First words are a key milestone in learning to talk. The first time your baby says ‘Mummy’ or ‘Daddy’ is an eagerly anticipated moment for all parents; but what happens after those first words emerge? How is your child progressing through their next communication milestones?
Learning to talk is one of the most complex and challenging tasks children face during their preschool years. It’s easy to underestimate just how complex learning to talk actually is.
I’ve been a speech pathologist for 15 years, but it wasn’t until I became a mum that I realised how little information is available for parents about speech and language development. While there seem to be myriad classes for music, dance and sport, there are few that focus on developing communication skills.
‘He doesn’t speak clearly. I know what he wants, but no-one else understands him. He gets so frustrated. How do I help?’
‘Should she be able to say that sound by now? How do I practice it with her?’
These were questions I started hearing often, and my professional knowledge suddenly became a resource for my mothers’ group, playgroup, day-care and my circle of friends.
It takes (literally!) years for children to master the fine motor movements and complex grammatical rules involved in learning to talk, and the steps towards fluent, intelligible speech are very gradual. Communication skills develop from birth and continue throughout childhood; however, up to 25 per cent of children start school every year with a language disorder or delay (Speech Pathology Australia, 2011).
Some pre-schoolers are slow to talk; many have difficulty saying sounds correctly all the time, or make speech errors (for example, ‘tat’ for cat, and ‘dink’ for drink). Some words are more difficult for children to say than others, and some children can become more difficult to understand when they use longer sentences. It’s hard for parents to know what is normal, when they should be concerned, and what they can do to help.
Parents play a vital role in encouraging children’s communication development during the pre-school period, and during this time, children learn language best by listening to familiar adults speaking it. With this in mind, a simple strategy to try is called “modelling”. Say what you want your child to say, and let them hear those target words frequently. Over time your child will begin to copy the words and sound they hear. Ultimately this is an easier (and far less stressful) way to help your child say “juice” than asking them to repeat themselves!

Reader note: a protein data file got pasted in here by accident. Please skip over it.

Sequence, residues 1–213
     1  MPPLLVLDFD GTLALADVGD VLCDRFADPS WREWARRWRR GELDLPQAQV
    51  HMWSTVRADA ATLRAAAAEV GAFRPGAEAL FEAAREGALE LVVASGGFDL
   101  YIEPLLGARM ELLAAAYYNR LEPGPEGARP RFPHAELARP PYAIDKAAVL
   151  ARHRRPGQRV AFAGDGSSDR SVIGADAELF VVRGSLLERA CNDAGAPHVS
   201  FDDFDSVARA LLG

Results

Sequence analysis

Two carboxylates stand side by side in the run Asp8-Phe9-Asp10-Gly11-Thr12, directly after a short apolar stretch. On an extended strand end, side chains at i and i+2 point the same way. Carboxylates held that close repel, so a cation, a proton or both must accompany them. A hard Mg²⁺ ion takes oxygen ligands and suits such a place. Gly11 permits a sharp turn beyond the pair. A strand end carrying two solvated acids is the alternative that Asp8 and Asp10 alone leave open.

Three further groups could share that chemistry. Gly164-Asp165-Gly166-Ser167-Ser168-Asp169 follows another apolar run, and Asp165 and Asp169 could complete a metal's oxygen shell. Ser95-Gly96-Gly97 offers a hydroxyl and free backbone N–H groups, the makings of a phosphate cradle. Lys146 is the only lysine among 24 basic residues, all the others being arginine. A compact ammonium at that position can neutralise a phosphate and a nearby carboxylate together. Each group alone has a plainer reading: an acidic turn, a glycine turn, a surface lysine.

Children develop speech and language at different rates, but a rough guide to developmental milestones is provided here. If your preschooler’s speech is very difficult to understand, they are becoming frustrated, or their communication development doesn’t fit within this guide, arrange a chat with a speech pathologist for further advice.
A guide to your child’s communication skill by age:
|By 12 months
|By 2 years
|responds to familiar sounds (such as the telephone, or the car in the driveway)
|names simple body parts, such as ‘nose’
|understands simple commands
|listens to stories and names pictures
|recognises their own name
|understands simple questions, such as ‘Where is your shoe?’
|understands the names of familiar objects or people
|uses 50 to 100 words (commonly, ‘no’, ‘gone’, and ‘mine’)
|says 5 to 10 words or familiar sounds (for example, car or animal noises)
|uses novel 2- to 3-word sentences (such as, ‘Milk all gone.’
|enjoys music and books
|sings simple songs or nursery rhymes
|communicates by babbling – using lip sounds (b, m, and w) in sequence, such as ‘baba’.
|uses early pronouns (‘me’, and ‘you’)
|between 9 and 12 months, more sounds emerge, including d, m, n, h, w and t
|talks to themselves or their toys during play
|uses a range of consonant sounds correctly in speech (p,b,m,t,d,n,h,w)
|speech is understood by close family members
|By 3 years
|By 4 years
|understands how object are used
|understands shape/colour name
|recognises their own needs (such as thirst)
|understands concepts and time
|follows directions such as, ‘Go and get your bag and coat.’)
|asks ‘who, what and why’ questions
|uses 3- to 5-word sentences
|uses around 900 words
|enjoys telling stories and answering questions
|uses 4- to 6-word sentences
|has favourite books and television programs
|uses correct grammar with mistakes like ‘I falled down.’
|speech understood by familiar adults and peers
|speech able to be understood by most people
|uses correct speech sounds (k, g, f, s, ng)
|uses most speech sounds correctly
|uses consonant clusters of two sounds together (tw, sp, gl, fr)